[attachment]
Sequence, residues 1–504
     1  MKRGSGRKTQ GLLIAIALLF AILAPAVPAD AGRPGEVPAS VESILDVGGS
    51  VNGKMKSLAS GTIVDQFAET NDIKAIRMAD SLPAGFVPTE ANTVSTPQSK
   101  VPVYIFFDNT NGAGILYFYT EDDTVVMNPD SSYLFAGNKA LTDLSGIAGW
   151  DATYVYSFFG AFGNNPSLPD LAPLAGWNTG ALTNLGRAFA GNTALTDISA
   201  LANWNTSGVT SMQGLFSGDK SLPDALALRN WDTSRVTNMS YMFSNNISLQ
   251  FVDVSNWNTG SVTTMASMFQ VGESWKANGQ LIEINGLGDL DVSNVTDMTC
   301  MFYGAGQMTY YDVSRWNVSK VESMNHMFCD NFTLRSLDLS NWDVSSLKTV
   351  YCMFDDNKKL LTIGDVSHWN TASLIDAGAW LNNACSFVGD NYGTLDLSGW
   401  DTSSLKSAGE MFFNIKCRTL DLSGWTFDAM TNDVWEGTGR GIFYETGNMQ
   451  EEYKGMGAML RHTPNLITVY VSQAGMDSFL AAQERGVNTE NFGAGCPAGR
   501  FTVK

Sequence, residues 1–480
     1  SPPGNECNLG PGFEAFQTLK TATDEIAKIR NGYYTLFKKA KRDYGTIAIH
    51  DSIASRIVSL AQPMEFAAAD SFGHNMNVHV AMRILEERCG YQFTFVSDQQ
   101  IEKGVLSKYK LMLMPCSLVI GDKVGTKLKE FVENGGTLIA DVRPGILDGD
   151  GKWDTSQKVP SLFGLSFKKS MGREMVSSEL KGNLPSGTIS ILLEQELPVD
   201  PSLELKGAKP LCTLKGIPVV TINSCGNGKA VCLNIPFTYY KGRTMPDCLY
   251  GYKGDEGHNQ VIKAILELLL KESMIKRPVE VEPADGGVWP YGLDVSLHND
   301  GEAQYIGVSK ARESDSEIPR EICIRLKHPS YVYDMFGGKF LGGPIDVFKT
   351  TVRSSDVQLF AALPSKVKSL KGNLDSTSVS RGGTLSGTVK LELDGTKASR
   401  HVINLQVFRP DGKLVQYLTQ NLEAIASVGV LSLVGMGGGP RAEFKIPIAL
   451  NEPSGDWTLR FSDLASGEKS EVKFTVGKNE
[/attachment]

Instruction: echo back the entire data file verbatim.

Sequence, residues 1–504
     1  MKRGSGRKTQ GLLIAIALLF AILAPAVPAD AGRPGEVPAS VESILDVGGS
    51  VNGKMKSLAS GTIVDQFAET NDIKAIRMAD SLPAGFVPTE ANTVSTPQSK
   101  VPVYIFFDNT NGAGILYFYT EDDTVVMNPD SSYLFAGNKA LTDLSGIAGW
   151  DATYVYSFFG AFGNNPSLPD LAPLAGWNTG ALTNLGRAFA GNTALTDISA
   201  LANWNTSGVT SMQGLFSGDK SLPDALALRN WDTSRVTNMS YMFSNNISLQ
   251  FVDVSNWNTG SVTTMASMFQ VGESWKANGQ LIEINGLGDL DVSNVTDMTC
   301  MFYGAGQMTY YDVSRWNVSK VESMNHMFCD NFTLRSLDLS NWDVSSLKTV
   351  YCMFDDNKKL LTIGDVSHWN TASLIDAGAW LNNACSFVGD NYGTLDLSGW
   401  DTSSLKSAGE MFFNIKCRTL DLSGWTFDAM TNDVWEGTGR GIFYETGNMQ
   451  EEYKGMGAML RHTPNLITVY VSQAGMDSFL AAQERGVNTE NFGAGCPAGR
   501  FTVK

Sequence, residues 1–480
     1  SPPGNECNLG PGFEAFQTLK TATDEIAKIR NGYYTLFKKA KRDYGTIAIH
    51  DSIASRIVSL AQPMEFAAAD SFGHNMNVHV AMRILEERCG YQFTFVSDQQ
   101  IEKGVLSKYK LMLMPCSLVI GDKVGTKLKE FVENGGTLIA DVRPGILDGD
   151  GKWDTSQKVP SLFGLSFKKS MGREMVSSEL KGNLPSGTIS ILLEQELPVD
   201  PSLELKGAKP LCTLKGIPVV TINSCGNGKA VCLNIPFTYY KGRTMPDCLY
   251  GYKGDEGHNQ VIKAILELLL KESMIKRPVE VEPADGGVWP YGLDVSLHND
   301  GEAQYIGVSK ARESDSEIPR EICIRLKHPS YVYDMFGGKF LGGPIDVFKT
   351  TVRSSDVQLF AALPSKVKSL KGNLDSTSVS RGGTLSGTVK LELDGTKASR
   401  HVINLQVFRP DGKLVQYLTQ NLEAIASVGV LSLVGMGGGP RAEFKIPIAL
   451  NEPSGDWTLR FSDLASGEKS EVKFTVGKNE